Category: Legislation

Seven Ways Cities Can Support Small Businesses During the Holidays

Efforts to shop small and shop locally are especially critical because they bolster the local economy – and since local sales taxes are often not collected for online purchases, encouraging residents to support local merchants is also a fiscal win for many cities. ‘Tis the season for spending money. The latest National Retail Federation survey

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4 Reasons Why e-Fairness is Good for City Economies

The online sales tax loophole isn’t just an unfair disadvantage for local businesses – it also prevents cities from collecting the taxes already owed to them on remote online purchases. As we enter the season of gift-giving, local officials should be aware of an issue that costs their cities billions of dollars every year: the

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The First Amendment is Not the Last Word at Public Meetings

Managing public comments at city council meetings isn’t easy. Review this framework to be prepared for disruptions. This is a guest post by Ann G. Macfarlane. In this country today, the First Amendment to the U.S. Constitution is the foundation of our civil liberty. The freedoms that it lists are crucial to our society. When

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Drones Will Have an Impact on Your City. Here’s What You Need to Know.

Cities across America will need to decide how they want to manage widespread commercial drone use, how they want to adopt drone technology for themselves, and how best they can encourage innovation in this exciting and growing field while still ensuring public safety. We live in automated times. The technologies that for many represent the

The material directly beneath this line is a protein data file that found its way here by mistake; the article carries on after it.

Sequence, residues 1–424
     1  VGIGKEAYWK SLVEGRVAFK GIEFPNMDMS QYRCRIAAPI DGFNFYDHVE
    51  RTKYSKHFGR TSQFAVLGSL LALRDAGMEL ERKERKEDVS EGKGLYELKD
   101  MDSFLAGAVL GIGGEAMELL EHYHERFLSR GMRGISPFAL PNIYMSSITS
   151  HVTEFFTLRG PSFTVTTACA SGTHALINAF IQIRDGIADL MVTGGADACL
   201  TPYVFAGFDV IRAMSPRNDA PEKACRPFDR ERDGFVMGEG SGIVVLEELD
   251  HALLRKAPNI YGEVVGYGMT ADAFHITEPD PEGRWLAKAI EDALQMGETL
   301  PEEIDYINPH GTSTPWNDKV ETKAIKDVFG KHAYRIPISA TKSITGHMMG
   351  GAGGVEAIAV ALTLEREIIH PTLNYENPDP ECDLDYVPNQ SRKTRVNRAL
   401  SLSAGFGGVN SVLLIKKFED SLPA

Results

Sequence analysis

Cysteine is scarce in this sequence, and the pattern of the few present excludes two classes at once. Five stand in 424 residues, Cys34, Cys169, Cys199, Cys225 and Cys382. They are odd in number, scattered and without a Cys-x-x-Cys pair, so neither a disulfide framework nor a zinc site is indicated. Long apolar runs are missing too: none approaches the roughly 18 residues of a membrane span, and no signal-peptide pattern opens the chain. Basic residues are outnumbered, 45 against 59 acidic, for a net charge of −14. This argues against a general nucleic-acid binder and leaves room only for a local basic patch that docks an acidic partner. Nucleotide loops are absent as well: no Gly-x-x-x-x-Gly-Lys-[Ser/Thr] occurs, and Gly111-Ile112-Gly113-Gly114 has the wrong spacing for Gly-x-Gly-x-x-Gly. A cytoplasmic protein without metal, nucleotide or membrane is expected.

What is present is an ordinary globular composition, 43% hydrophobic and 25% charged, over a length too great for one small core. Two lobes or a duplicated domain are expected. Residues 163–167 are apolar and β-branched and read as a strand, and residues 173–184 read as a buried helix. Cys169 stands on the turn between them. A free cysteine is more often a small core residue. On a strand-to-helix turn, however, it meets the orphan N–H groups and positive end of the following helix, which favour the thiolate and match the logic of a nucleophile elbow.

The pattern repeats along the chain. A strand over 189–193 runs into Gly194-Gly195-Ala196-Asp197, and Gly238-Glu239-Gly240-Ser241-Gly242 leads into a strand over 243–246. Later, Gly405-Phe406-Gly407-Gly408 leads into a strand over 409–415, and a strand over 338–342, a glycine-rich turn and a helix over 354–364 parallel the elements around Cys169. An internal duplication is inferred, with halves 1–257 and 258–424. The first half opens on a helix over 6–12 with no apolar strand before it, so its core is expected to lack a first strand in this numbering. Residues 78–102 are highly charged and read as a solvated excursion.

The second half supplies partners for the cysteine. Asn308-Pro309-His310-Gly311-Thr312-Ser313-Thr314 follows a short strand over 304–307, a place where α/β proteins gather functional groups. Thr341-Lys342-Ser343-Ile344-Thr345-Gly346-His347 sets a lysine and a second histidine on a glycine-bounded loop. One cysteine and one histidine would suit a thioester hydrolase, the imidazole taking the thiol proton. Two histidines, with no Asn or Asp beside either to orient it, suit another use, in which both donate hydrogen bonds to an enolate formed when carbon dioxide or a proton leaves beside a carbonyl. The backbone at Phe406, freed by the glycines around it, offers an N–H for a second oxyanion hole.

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Seven Significant Supreme Court Cases for Local Governments

The Supreme Court ruled on a number of cases this term that will affect local governments. (markphariss/Getty Images) That same-sex couples have a constitutional right to marry and the Affordable Care Act remains intact will forever outshine every other decision from this Supreme Court term. But local governments will ignore the rest of this term

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Supreme Court Holds No Dog Sniffs After Completed Traffic Stops

In a 6-3 decision in Rodriguez v. United States, the Supreme Court held that a dog sniff conducted after a completed traffic stop violates the Fourth Amendment. In a dissent, Justice Alito describes the Court’s holding as “unnecessary, impractical, and arbitrary,” and suggests savvy officers can skirt it. Officer Struble pulled over Dennys Rodriguez after he

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